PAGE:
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11.  This drawing shows how the garden within Christ Church might look with the elements of the church fabric reconstructed for the Citizen’s Memorial. The view is from a position near the tower, looking east, with Newgate Street on the right.

Rebuilding the missing east and south walls of Christ Church is the essence of creating the Memorial and its setting. However by putting the pedestrian route at King Edward Street through the church site, the City has created a unique opportunity. It would not only enable visitors to experience the Memorial as part of an everyday route, but provides the inspiration to achieve something truly magical.
   This lies in recreating, adjacent to the east wall and over the pedestrian route, the original design of the sixth bay of Wren’s church. The forms and volumes of Wren’s interior, with its nave vault, flanked on either approach by flat aisle ceilings and supported by the original columns, would make a noble and eloquent architectural composition forming the centerpiece of a unified scheme. It creates a canopied and arcaded walkway for the pedestrian route, which for the visitor experience, becomes the architectural accompaniment in the transition through a sacred space.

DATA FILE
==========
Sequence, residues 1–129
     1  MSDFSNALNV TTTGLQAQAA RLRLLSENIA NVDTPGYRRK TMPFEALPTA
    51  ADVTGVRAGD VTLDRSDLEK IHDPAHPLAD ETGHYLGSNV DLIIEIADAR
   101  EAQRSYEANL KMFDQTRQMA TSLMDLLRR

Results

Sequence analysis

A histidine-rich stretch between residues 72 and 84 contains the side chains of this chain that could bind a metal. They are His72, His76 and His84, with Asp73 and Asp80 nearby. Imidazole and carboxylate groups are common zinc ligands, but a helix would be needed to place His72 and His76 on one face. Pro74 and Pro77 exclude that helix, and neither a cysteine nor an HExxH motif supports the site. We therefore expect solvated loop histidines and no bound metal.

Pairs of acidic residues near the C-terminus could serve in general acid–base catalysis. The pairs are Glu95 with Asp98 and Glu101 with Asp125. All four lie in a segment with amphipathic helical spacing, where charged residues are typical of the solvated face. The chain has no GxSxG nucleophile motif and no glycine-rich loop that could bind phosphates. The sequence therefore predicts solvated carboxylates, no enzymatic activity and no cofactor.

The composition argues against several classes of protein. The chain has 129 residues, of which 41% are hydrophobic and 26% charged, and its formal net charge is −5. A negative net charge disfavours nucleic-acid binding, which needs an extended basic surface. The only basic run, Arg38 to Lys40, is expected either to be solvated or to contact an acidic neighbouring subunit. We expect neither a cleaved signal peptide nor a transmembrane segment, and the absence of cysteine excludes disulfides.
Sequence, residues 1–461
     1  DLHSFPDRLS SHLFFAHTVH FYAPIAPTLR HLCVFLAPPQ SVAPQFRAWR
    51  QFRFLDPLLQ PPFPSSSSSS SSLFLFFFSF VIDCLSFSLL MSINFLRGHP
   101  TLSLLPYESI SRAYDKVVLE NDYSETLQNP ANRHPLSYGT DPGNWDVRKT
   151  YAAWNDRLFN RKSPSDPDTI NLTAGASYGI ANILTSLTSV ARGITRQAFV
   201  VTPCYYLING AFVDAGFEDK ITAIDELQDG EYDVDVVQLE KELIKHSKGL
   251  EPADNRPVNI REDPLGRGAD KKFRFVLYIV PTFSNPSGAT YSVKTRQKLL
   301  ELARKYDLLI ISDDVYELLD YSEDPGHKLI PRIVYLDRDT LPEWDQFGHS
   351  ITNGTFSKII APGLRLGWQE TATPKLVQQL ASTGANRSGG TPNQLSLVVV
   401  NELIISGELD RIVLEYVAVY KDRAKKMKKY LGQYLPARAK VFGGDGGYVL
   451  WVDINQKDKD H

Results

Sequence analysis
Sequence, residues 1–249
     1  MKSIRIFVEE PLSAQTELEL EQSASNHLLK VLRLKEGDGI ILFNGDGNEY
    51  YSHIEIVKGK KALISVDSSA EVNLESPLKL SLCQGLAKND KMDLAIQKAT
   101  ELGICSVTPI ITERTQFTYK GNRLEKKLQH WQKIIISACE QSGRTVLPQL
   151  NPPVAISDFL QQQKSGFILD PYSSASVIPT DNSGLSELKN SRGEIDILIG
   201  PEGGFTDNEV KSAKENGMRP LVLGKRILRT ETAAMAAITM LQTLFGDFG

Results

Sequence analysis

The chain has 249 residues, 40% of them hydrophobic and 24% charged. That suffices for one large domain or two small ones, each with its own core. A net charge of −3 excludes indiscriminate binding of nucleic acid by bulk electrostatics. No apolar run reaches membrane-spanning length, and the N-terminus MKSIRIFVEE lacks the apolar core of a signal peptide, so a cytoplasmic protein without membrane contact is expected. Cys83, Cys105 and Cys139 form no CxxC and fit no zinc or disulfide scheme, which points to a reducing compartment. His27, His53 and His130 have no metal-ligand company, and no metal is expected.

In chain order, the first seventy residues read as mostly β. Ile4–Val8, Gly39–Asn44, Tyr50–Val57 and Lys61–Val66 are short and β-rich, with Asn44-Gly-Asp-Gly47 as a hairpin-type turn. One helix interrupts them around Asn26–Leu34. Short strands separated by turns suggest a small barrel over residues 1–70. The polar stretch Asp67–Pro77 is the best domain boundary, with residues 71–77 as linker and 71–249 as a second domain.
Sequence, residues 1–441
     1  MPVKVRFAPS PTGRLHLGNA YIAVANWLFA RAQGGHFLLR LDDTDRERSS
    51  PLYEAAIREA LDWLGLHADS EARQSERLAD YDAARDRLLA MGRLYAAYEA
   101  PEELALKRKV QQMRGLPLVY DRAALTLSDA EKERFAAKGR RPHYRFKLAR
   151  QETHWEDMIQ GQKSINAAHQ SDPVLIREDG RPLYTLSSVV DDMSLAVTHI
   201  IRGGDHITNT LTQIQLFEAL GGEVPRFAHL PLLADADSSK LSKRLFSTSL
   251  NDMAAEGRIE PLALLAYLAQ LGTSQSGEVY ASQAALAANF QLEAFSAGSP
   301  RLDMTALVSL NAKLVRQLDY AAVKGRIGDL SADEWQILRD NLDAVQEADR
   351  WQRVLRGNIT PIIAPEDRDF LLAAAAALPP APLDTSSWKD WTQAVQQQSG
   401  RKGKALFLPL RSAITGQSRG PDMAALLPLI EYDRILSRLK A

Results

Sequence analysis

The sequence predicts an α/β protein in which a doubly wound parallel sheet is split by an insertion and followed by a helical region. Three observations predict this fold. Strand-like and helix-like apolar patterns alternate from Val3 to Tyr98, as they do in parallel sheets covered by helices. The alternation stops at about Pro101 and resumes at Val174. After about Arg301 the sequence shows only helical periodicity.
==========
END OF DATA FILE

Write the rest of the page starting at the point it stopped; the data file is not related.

The Memorial would reveal itself to visitors with subtlety, interest and delight. Entering the walkway, they will be aware of going into a place of quiet and contemplation which is distinct from the world around it. On the restored east wall, where the reredos once stood, they may cast an eye over the sculptured panels and inscriptions providing information about the Memorial and its history. If choosing to linger, they may turn into the sanctuary of the garden, which would reveal itself as a place of welcome, relaxation and beauty.